Ibuprofen Injection (INN)

400 mg/4 ml, 800 mg/8 ml 


For the use of a Registered Medical Practitioner or a Hospital or a Institution only. 

Ibuprofen Injection (INN)

IBUPROFEN  INJECTION is a non-steroidal anti-inflammatory drug (NSAID). Chemically, IBUPROFEN is (±)-2-(p-Isobutylphenyl)propionic acid. The molecular formula is C13H18O2 and molecular weight is 206.28.

Its structural formula is :

Ibuprofen Injection (INN)


IBUPROFEN  INJECTION is a clear, colourless to pale yellow, sterile solution filled in amber tubular vial of suitable size.

Each ml contains :
Ibuprofen USP                   100 mg
Water for Injection USP          q.s.

Ibuprofen is a non-steroidal anti-inflammatory drug (NSAID) that possesses anti-inflammatory, analgesic and antipyretic activity. Its mode of action, like that of other NSAIDs, is not completely understood, but may be related to prostaglandin synthetase inhibition.

Ibuprofen is a racemic mixture of [-]R- and [+]S-isomers. In vivo and in vitro studies indicate that the [+]S-isomer is responsible for clinical activity. The [-]R-form, while thought to be pharmacologically inactive, is slowly and incompletely (~60 %) interconverted into the active [+]S species in adults. The degree of interconversion in children is unknown, but is thought to be similar. The [-]R-isomer serves as a circulating reservoir to maintain levels of active drug. The pharmacokinetic parameters of IBUPROFEN  INJECTION determined in a study with volunteers are presented below.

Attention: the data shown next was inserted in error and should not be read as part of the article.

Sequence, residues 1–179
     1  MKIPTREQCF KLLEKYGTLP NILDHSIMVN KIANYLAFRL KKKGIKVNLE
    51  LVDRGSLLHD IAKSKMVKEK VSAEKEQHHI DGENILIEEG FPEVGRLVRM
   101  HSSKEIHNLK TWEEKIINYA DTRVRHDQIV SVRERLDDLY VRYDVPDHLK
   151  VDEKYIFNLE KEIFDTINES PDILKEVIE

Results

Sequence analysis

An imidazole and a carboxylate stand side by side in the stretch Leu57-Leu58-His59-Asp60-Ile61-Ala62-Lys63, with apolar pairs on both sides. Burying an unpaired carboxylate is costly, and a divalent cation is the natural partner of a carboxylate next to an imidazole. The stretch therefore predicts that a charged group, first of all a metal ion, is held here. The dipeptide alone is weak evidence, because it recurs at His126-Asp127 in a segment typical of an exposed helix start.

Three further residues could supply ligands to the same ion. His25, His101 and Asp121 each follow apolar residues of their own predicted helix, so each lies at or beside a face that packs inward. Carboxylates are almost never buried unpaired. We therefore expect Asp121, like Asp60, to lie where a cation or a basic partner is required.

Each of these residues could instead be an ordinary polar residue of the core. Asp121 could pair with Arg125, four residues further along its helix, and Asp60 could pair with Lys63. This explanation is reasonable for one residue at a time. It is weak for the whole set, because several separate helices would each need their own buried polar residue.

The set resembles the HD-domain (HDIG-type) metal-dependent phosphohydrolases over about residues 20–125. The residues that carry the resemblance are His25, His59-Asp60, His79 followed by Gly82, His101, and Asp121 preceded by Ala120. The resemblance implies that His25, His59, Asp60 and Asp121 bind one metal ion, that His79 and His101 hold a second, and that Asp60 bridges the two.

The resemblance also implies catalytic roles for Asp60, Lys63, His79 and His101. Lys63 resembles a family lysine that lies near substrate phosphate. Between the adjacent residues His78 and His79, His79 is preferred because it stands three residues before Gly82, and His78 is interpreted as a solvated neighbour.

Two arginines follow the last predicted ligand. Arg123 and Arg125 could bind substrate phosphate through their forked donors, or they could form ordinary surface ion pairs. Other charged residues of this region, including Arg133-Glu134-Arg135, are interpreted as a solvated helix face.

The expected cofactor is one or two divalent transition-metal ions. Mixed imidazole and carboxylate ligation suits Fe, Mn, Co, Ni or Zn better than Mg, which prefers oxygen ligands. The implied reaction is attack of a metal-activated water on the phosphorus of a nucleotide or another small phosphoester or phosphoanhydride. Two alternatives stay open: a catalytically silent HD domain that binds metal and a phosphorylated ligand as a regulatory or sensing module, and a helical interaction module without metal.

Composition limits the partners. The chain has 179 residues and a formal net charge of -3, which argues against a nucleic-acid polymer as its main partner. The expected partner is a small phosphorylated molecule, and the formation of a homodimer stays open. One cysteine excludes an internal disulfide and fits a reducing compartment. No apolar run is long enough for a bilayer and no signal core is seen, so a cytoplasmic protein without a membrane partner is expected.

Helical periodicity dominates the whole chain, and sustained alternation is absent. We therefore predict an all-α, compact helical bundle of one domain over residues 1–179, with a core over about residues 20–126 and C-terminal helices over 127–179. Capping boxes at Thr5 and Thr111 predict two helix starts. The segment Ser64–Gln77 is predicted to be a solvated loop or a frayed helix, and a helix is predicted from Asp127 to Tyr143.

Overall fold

Ibuprofen Injection (INN)

Ibuprofen, like most NSAIDs, is highly protein bound (> 99 % bound at 20 mcg/ml). Protein binding is saturable, and at concentrations > 20 mcg/ml binding is nonlinear. Based on oral dosing data, there is an age- or fever-related change in volume of distribution for ibuprofen.